For the 3rd year in a row, Waynflete’s LifeSmarts Team represented Maine in the LifeSmarts Nationals Competition, held April 17-20 in Seattle, Washington. This well done short video is about the Maine Finals – it includes part of the final match where you can see the kids in action.
Waynflete got off to a great start by finishing 2nd in the nation in the 1st round of competition, which was to produce a PSA about one of the LifeSmarts topics. This was especially tough to do as 50% of the points for the video came from the number of views, and, well, our school and state are not exactly the most populous. It took a real community effort and our team is grateful. At the competition, we started off in good form during the sister team (Georgia) round and then through the individual assessments. We were ranked 11th heading into match play. We won our first match, which happened to be against our sister team, and just lost to a strong Arizona team in our next match.
After those rounds the Top 16 teams advance into a single elimination tournament. There were a few tense moments and then we heard it, “#13 seed Maine will play #4 seed Michigan.” YAY – we made the round of 16! That was especially interesting for team member Alex Lambert ’15 who is originally from Michigan. In the end, Michigan was too much for us and our road came to an end. But Michigan went on to the final four, so we know we were in good company.
LifeSmarts is a valuable competition for many reasons. The five skill areas that the program features are very important, of course, but what is also important is how the competition gives students a chance to stretch themselves, to take risks, to meet peers from other schools and states, and to learn to work as a team, under pressure, toward a common goal.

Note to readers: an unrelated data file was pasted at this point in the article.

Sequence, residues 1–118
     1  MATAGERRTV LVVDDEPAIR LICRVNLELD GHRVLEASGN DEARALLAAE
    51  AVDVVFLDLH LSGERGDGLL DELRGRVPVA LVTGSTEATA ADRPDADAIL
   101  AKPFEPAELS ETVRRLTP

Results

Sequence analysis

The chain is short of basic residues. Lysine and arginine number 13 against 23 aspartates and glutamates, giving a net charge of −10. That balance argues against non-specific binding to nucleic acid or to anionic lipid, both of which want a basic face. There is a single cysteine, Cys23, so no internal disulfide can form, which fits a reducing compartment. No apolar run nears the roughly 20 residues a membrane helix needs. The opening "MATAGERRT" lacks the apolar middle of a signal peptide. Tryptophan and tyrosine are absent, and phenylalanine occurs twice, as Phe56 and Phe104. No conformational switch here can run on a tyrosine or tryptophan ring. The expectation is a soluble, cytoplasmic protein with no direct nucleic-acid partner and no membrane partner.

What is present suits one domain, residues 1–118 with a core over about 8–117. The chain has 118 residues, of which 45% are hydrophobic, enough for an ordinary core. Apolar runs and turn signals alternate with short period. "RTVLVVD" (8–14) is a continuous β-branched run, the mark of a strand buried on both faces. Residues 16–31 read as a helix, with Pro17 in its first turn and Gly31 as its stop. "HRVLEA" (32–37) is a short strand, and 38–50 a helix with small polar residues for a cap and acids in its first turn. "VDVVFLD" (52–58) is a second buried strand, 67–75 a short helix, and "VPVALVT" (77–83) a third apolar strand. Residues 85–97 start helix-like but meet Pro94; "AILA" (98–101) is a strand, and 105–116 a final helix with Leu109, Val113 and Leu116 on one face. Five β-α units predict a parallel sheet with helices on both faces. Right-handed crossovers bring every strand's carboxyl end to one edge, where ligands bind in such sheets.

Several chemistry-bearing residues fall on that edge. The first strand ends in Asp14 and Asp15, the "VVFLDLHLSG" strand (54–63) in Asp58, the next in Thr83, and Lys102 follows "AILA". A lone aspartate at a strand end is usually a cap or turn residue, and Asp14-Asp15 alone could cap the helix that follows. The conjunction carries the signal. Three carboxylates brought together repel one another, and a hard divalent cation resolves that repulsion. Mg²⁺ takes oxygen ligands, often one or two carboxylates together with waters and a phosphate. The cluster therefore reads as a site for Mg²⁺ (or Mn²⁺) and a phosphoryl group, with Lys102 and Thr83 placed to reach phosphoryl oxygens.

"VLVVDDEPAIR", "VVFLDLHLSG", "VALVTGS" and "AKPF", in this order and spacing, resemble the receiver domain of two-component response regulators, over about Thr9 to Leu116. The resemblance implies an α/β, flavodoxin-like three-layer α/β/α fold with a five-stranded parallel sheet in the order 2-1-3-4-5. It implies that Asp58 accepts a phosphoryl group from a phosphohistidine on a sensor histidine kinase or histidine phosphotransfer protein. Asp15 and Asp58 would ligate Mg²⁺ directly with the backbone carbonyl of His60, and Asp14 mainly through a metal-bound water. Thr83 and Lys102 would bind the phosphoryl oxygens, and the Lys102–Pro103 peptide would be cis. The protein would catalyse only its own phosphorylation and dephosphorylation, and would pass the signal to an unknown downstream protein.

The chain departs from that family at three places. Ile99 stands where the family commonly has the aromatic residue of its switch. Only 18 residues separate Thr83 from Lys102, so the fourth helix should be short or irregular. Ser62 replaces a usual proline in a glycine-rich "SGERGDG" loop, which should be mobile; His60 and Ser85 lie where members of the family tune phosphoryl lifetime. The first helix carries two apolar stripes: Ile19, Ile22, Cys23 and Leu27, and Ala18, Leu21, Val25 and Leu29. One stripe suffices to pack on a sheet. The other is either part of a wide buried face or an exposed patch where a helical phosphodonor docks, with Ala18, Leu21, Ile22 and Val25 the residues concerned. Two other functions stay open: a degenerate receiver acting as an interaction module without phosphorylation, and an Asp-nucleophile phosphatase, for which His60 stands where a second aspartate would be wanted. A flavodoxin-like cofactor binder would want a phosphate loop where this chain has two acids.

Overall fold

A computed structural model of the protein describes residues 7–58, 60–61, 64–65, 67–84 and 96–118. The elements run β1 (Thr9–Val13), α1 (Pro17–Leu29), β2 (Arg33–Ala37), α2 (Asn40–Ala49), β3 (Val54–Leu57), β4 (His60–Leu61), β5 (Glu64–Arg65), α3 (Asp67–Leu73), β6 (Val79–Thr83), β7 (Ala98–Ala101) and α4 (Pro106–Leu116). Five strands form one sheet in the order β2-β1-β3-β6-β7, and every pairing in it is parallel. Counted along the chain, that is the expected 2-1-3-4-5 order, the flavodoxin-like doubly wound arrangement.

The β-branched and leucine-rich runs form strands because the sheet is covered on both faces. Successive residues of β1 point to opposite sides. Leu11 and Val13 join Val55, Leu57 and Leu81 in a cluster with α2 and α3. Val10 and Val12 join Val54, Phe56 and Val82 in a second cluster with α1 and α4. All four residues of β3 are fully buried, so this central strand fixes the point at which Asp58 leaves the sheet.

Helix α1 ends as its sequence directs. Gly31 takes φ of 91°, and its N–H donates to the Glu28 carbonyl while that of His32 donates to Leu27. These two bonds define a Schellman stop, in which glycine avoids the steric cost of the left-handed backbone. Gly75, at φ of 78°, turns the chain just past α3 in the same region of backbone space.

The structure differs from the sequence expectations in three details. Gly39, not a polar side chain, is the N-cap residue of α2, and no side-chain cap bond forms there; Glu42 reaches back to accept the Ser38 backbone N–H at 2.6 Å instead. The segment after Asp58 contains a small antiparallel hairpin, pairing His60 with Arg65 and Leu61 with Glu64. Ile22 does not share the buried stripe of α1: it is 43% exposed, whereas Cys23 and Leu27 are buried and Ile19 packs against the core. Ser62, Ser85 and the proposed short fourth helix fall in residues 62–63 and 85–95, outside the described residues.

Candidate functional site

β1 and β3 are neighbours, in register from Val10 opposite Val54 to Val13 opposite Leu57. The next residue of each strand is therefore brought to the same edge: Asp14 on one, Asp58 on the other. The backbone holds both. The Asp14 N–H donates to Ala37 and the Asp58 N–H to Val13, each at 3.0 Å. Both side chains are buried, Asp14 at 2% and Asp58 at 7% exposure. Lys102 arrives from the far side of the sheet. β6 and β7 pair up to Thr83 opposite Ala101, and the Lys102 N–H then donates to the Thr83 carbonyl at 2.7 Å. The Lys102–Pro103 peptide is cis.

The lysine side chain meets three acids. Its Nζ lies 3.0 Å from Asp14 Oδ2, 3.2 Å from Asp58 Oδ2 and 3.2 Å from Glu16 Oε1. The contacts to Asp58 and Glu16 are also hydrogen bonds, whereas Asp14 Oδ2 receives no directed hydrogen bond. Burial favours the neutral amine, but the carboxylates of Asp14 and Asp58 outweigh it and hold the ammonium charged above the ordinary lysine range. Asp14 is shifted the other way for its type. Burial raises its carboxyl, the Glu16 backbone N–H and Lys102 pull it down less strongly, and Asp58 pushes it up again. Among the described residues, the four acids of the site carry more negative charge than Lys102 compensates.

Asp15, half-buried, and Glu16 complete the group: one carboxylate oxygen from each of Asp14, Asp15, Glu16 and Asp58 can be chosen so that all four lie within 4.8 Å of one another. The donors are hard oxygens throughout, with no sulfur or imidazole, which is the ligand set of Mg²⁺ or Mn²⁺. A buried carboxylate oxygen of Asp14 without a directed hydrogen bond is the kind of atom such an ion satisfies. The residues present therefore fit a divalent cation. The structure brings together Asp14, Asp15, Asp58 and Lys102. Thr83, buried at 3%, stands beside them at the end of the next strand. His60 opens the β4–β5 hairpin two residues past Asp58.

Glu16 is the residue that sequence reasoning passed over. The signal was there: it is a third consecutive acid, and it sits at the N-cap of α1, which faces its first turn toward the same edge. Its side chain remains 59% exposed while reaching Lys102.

This year’s team included Sam Frederick ’15, who shared his thoughts about last year’s competition in this USNOW article. The team also included seniors Stephen Epstein and Alex Lambert, junior Christian Rowe, and sophomore Emily Tabb. While Stephen and Alex had some connection to the activity through fellow senior Sam, for Emily and Christian it took some courage to sign up. In fact, Emily and I had never even met before until she approached me about joining. That says a lot about our community, but it also says something about Emily.
LifeSmarts gave me the opportunity to learn things that I hadn’t been taught before, and I learned a lot just by taking the tests and watching the competitions. I was able to learn valuable lessons in personal finance, technology, consumer rights, health and safety and environment. It was really fun meeting all the other teams at the national competition and getting to spend time in Seattle was an added bonus. I also learned teamwork, verbal communication, and leadership skills. At the time I didn’t really see joining the team as a risk, probably because there was not much of a penalty; anyone can sign up and take the tests, and the top five scores go, so if you aren’t in the top five, then it is no big deal. Looking back I guess it was somewhat of a risk because I was doing something that I knew little to none about, and it wasn’t really with people that I knew very well. – Emily Tabb ‘17